In 2017, Iranian society was taken aback by the courage and nobility of unknown athlete Asghar Nahvipour. A video had circulated on social media showing a police officer fatally shooting Asghar. “My life for Iran,” the hero shouted before losing his life.

Despite the severe censorship of the internet in Iran, the news rapidly spread across the country and even abroad. Nahvipour soon became an icon of defiance against the regime’s misogynistic measures, including the Gasht-e Ershad [Guidance Patrols].

What Happened?

Since the mullahs took power in Iran in 1979, they have institutionalized misogyny in the ‘Islamic Republic’ constitution. According to Parliament [Majlis] National Security Commission chair Mojtaba Zonnour, 32 organizations and government bodies are involved in suppressing women in Iran. These bodies regularly harass women and girls, compelling them to obey the mandatory hijab laws.

On July 15, 2017, cleric Khalil Zolfaqari began harassing a young woman about her hijab at the Shahr-e Rey subway station in south-eastern Tehran. In defense of the oppressed woman, Asghar attacked Zolfaqari and removed his turban.

Security forces immediately appeared at the scene. Asghar—obviously unarmed—blamed the officers for failing to defend women. In response, an officer shot directly at Asghar’s heart from less than three feet away. Videos circulated on social media at the time showed Asghar chanting “my life for Iran” as he suffered in pain following the shooting, before succumbing to his injuries.

The event soon prompted public anger against the Iranian regime and Asghar’s murderers. His friends and several locals installed giant portraits and Hejle [memorial symbols] in the Shahr-e Rey district. Many defiant youths in support of Asghar stated, “He taught us that we should not remain silent against the mullahs’ assaults.”

Security forces soon tore down the portraits and collected symbols and banned the Nahvipours and locals from holding commemorating ceremonies for their loved ones.

Citizens across the country turned to social media and posted anti-regime videos and posters in memory of Asghar, and in sympathy with his mourning family. They later announced that they would join the Nahvipours at Asghar’s tomb, voicing Asghar’s innocence and dignity.

Security Forces Concealed the Murder

Following the public outrage over the crime, oppressive forces and state-run media launched a propaganda campaign to conceal the crime. The forensic organization even went as far as to produce a fake death certificate, stating that Asghar had passed away due to ‘being stricken by a projected object’ instead of the bullet. The organization also declared that ‘rupture of the vital vessels of the pelvis’ was the cause of death rather than the shot to his heart.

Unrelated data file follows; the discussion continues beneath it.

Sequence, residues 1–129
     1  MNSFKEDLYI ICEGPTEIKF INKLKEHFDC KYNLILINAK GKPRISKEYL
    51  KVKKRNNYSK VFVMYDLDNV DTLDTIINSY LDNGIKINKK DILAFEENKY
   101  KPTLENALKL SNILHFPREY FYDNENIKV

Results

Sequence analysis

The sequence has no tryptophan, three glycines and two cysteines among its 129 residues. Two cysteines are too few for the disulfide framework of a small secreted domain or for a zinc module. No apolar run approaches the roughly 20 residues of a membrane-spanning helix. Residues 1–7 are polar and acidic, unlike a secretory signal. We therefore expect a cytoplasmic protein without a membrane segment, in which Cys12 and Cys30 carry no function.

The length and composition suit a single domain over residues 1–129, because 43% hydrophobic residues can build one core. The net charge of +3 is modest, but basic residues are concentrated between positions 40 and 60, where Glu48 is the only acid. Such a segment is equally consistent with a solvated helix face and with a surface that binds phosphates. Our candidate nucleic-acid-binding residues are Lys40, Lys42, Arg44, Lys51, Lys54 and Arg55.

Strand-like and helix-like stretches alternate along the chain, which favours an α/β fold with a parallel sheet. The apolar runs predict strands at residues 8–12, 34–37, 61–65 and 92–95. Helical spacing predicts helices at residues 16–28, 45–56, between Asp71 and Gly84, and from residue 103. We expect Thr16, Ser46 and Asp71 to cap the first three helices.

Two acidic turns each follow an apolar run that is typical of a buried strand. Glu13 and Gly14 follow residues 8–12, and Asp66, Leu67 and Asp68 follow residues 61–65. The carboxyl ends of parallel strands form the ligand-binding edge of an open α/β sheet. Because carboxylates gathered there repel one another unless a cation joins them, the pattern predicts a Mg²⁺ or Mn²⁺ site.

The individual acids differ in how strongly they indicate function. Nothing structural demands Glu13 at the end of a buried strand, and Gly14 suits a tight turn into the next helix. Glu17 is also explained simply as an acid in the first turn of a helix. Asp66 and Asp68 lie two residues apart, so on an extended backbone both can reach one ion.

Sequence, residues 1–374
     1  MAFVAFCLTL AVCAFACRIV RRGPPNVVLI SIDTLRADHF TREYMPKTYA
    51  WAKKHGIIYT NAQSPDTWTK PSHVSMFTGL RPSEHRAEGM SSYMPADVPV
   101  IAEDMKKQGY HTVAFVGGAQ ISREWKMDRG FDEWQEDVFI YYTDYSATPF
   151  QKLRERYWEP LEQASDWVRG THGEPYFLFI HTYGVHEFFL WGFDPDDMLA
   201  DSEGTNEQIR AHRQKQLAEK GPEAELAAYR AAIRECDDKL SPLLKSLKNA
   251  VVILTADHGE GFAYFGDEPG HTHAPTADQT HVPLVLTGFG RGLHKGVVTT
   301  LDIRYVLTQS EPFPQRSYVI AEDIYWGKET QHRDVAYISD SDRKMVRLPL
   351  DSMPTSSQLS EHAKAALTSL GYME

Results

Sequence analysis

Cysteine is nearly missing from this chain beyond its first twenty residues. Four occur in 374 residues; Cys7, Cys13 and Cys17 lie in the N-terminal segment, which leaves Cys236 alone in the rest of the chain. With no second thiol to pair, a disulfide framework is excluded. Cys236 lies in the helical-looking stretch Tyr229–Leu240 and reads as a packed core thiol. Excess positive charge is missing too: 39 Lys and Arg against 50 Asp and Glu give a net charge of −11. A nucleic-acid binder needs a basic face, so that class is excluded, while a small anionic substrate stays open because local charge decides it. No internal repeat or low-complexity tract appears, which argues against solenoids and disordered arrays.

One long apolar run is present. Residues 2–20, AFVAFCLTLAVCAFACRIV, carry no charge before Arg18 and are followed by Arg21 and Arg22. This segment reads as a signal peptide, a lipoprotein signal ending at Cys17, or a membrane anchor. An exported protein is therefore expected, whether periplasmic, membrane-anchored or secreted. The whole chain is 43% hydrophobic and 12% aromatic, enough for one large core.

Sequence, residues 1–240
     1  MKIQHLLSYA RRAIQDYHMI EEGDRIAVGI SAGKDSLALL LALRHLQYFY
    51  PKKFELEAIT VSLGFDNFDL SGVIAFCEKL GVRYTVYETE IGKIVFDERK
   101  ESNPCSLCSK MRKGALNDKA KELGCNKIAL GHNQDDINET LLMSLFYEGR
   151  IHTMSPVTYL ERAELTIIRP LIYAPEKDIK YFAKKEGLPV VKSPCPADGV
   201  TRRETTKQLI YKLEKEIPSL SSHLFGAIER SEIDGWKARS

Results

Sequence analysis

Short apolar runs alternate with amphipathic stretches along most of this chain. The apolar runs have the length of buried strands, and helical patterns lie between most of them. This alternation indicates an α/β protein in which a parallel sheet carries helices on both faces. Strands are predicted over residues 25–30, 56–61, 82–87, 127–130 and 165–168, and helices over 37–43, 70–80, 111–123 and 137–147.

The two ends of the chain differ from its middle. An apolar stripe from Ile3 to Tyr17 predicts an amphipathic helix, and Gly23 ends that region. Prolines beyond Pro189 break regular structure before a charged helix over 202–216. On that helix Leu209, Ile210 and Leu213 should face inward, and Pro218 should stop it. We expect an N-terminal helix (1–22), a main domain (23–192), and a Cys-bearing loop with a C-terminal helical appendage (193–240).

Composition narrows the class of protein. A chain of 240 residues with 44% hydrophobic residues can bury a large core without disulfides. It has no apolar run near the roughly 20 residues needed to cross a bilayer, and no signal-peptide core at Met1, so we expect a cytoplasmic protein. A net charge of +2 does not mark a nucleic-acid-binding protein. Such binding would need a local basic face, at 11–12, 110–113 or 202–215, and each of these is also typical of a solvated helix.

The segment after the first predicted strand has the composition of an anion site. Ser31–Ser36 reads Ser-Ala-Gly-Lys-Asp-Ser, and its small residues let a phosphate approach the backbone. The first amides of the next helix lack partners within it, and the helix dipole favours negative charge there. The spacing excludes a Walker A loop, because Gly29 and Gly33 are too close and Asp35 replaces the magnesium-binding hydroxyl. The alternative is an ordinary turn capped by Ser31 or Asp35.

The forensic organization’s false certificate insulted Iranian physicians’ society. The file showed how the theocratic regime can exploit non-profit organizations to deceive citizens. This was not the only instance, as the organization also colluded with the Health Ministry by providing fabricated statistics during the coronavirus pandemic.

In recent weeks, the mullahs have once again carried out a series of misogynistic measures across the country. Under the ‘hijab’ excuse, they are trying to cleanse the streets of the leading force of anti-regime protests and Iran’s defiant women.

Despite their efforts, the repression has backfired, arousing a strong wave of empathy for women. On July 12, businessmen shut down their shops in Tehran’s Kourosh Mall in response to the Guidance Patrols’ prevention of women who defied compulsory hijab from entering the mall.

Other videos show defiant youths inspired by Asghar Nahvipour’s courage, isolating Guidance Patrols’ members and venting their anger over the misogynist regime’s policies. Such brave support for women’s fundamental rights derives from the Iranian people’s 43 years of struggle against the dictatorship.

Despite the regime’s misogynistic core, the people of Iran steadily remain focused on overthrowing the tyranny in its entirety. This is the only path that ensures Iranian women and girls will eventually meet their inherent rights. As the Iranian opposition President-elect Maryam Rajavi has repeatedly reiterated, the Iranian people are saying, “No to the compulsory veil, no to the compulsory religion, and no to the compulsory government.”